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Cliff Harris and Charlie Waters were part of the great 70's Cowboys teams, patrolling the secondary and laying the wood to the opposing defense. Today, they're selling books and celebrating Dillards 50th anniversary in Tyler, Texas. Both are in agreement and don't like the Terrell Owens signing.

"I've never been a fan of Terrell Owens," said Harris, who along with Waters will be in Tyler Tuesday to help celebrate Dillard's 50th anniversary in Tyler.

"I've always been a team player and he's not. Personally, I think he will be destructive to the team and a negative influence on the team."

"For Owens to change, it's not like a zebra changing its stripes, but a zebra changing into a giraffe."

Ouch, no love for Eldorado from Harris. What about Waters?
"The way the game is today, there is not much emphasis on team and character," Waters said. "I personally would have a hard time (with signing Owens) if I was coach. I place a lot of emphasis on character."

"You have to trust your teammate. You always depend on your teammate doing his job. You have to have an appreciation of the unsung hero. For instance, my job may be to hit the guard and turn the play in and for (former Cowboy linebacker) Bob Breunig to make the tackles. You have to trust the guy next to you."

The 70's players are buying into the newfangled Cowboys, but then again, the older generation rarely approves of the newer generation. Granted, Owens is the extreme example of the newer generation.

This guy over at The Greyhound, the student newspaper for Loyola College, is struggling with the same problem some of us we're having; rooting for Owens even though we've hated him before. He also touches on what I wrote yesterday, that you root for the team, not the individual players. (Although ideally, you'd like to do both.)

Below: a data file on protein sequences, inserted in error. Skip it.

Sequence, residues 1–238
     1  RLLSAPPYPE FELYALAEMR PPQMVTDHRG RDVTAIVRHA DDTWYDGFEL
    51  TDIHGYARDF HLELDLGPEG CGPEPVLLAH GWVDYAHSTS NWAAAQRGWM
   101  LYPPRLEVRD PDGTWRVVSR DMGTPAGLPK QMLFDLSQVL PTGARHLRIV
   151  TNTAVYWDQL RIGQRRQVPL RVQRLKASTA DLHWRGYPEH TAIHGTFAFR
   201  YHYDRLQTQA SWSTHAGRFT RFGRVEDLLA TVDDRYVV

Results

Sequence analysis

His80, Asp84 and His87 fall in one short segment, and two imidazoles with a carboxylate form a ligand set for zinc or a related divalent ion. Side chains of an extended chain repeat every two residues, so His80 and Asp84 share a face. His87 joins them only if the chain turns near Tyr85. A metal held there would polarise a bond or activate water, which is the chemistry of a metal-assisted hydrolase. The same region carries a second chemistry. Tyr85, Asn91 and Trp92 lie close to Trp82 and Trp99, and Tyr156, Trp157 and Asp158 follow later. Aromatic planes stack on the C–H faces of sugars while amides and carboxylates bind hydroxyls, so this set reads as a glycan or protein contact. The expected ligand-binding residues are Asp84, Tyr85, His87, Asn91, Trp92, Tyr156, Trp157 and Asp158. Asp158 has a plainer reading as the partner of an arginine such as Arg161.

Remember Jon Condo, our long snapper who ousted veteran Jeff Robinson last year, only to be ousted after botching some snaps in the San Fran game? Here's a little insight into that, with a quote about Parcells. Condo recalls the days after the 49ers game from last season.

"I had just gotten my ankles taped and was putting on my shoulder pads when they said they wanted to see me outside," Condo recalled from Foxboro, Mass., where he is working out with the Patriots. "They said they were going to release me. That was the last thing I expected. I had so many questions I wanted to ask but they said they really couldn't talk to me, that they had to get me out of there to keep everything legal.

"I had gone in (to practice) Monday to look at film and lift. I talked to (Coach Bill) Parcells and he asked me if I was going to let it (bad snap) bother me. I told him I wasn't, that I would learn from it, and he said that was good, that I should just keep my head up and keep on doing what I was doing."


What he didn't know is that behind the scenes the man who had decided to cut him was actually working to help him land with another team. Because Parcells' daughter is married to Scott Pioli, vice president in charge of player personnel with the Patriots.

"He (Pioli) said he had talked to Parcells about me and that he had nothing but good things to say about me," Condo said. "I'd heard that about Parcells, that if he likes you he will fight to either keep you on his team or help you get on another team."

That's part of the reason Parcells inspires such loyalty in players.

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